In his recent blog post “Working with Sophisticated Valuation Clients,” Rand Curtiss (Loveman-Curtiss) wrote “during the last few years, the fastest-growing revenue source for my practice has been financial compliance reporting work (such as asset valuations for purchase price allocation and impairment testing). In many of these engagements Curtiss acts as a review appraiser. He also noted in his blog post “Happy 2011: The New Estate and Gift Tax Law“ that “the equalization of the lifetime gift and estate tax exemptions at $5 million for 2011-2012 should generate a great deal of valuation work.
At the AICPA BV Conference last month, Ron Seigneur (Seigneur & Gustafson) remarked, “we’re seeing more commercial damages and forensic stuff instead of what we used to call the pure vanilla valuation case.” Stacy Collins (Financial Research Associates) agrees that “the industries are harder to understand and the corporate organizations are daunting by themselves, and the cases seem to be getting more complex.”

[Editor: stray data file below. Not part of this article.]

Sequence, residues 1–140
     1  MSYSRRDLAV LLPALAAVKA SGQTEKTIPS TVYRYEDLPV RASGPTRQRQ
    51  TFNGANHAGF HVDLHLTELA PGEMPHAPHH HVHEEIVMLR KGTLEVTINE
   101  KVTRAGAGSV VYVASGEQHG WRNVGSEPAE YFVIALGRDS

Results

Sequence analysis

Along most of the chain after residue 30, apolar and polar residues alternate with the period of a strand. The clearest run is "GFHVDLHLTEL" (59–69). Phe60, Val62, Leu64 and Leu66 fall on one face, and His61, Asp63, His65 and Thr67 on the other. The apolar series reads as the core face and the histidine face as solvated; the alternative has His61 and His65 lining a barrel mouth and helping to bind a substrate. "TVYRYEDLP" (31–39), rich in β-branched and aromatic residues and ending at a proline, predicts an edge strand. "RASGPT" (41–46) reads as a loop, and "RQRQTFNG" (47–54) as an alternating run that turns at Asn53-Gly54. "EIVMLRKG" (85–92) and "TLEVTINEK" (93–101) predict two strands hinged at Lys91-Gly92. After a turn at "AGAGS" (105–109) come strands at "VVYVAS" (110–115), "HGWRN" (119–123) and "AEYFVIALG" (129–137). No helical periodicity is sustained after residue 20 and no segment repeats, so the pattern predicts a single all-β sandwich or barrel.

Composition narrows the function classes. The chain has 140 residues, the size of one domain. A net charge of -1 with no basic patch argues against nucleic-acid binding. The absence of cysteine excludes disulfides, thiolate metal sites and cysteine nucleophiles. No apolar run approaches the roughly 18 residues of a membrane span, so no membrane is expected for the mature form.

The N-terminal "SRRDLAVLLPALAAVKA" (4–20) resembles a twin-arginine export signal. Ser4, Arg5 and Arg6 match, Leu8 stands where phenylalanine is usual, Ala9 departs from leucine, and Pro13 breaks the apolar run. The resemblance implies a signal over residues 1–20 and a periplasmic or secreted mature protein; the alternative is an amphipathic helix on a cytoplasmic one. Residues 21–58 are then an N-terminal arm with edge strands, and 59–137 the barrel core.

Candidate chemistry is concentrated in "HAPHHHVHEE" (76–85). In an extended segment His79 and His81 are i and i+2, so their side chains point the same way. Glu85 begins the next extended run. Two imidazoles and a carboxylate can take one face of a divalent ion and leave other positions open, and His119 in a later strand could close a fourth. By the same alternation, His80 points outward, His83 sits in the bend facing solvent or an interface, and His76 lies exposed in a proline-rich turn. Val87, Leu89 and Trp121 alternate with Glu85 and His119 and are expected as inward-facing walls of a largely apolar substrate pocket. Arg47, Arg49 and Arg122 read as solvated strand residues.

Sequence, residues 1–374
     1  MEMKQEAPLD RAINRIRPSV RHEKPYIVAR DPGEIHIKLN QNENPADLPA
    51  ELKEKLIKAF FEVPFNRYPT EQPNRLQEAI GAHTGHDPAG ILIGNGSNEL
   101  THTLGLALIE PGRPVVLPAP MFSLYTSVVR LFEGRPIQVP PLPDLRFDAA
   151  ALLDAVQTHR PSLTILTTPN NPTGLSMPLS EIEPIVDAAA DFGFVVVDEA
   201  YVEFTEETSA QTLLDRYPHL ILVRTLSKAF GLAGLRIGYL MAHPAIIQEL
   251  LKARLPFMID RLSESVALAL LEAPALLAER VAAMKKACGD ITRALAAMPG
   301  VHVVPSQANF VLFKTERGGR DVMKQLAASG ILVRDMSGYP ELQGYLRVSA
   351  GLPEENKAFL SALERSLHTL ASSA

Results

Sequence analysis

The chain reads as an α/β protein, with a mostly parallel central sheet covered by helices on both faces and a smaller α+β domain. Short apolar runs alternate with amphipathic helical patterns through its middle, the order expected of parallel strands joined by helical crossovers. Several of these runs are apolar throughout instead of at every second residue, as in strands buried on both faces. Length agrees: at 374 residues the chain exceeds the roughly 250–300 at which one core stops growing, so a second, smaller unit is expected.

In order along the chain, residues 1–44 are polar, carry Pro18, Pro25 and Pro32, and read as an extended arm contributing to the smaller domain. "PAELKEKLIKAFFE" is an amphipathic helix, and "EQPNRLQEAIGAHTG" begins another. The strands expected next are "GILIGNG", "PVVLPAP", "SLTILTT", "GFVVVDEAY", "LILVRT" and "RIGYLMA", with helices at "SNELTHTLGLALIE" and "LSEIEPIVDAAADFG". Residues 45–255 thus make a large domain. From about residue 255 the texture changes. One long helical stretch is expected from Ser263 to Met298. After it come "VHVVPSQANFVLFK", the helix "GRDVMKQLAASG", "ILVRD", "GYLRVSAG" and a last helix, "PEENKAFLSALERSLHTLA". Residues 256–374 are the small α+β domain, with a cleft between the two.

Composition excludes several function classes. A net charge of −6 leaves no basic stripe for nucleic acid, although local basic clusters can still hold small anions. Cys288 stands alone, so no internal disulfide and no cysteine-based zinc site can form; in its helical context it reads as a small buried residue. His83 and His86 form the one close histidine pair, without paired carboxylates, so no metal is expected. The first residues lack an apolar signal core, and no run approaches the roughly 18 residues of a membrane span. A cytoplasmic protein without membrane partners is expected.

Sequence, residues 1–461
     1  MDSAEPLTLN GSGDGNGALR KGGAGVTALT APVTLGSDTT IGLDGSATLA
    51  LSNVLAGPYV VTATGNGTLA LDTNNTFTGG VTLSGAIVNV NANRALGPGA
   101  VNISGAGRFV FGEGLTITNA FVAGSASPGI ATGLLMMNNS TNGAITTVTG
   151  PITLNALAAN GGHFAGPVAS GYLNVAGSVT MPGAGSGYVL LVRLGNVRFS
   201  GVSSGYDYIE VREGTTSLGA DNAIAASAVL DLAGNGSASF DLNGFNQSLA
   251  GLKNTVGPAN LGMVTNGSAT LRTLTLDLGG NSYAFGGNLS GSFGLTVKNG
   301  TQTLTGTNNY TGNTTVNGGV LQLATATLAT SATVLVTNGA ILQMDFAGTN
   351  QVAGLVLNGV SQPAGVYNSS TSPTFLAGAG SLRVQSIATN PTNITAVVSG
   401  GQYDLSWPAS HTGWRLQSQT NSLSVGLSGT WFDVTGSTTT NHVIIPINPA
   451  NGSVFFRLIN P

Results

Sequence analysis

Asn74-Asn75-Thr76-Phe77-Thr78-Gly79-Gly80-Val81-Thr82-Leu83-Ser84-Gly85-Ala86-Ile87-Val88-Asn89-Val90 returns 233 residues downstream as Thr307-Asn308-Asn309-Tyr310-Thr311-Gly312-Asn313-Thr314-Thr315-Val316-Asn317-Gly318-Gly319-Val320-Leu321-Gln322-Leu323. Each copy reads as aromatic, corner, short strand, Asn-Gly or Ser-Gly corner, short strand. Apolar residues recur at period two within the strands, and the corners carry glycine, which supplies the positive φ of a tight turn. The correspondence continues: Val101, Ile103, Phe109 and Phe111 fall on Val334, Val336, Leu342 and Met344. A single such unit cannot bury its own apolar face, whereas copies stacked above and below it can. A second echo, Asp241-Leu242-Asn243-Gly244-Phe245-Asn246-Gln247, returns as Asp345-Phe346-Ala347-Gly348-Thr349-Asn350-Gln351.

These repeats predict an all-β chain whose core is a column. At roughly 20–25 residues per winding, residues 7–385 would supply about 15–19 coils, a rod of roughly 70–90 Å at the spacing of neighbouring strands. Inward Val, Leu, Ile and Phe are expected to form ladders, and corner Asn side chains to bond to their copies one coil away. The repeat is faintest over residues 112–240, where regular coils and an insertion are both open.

Neil Beaton (Grant Thornton) sees a roll-up coming for the profession. “The period of more new small practitioners may be ending,” he feels—agreeing with what Mike Crain (Financial Valuation Group) wrote about last month in the Journal of Accountancy. And there’s another “freight train” coming—IFRS. Working under FASB won’t be enough for the consolidated firms.
What are you noticing in the BV market? Email BVWire to let us know!
Also, learn of other trends in the BV market in the upcoming BVR 2011 Firm Economics and Best Practices Survey, which contains specific practice management data from over 500 business valuation firms.
Please let us know
if you have any comments about this article or enhancements you would like to see.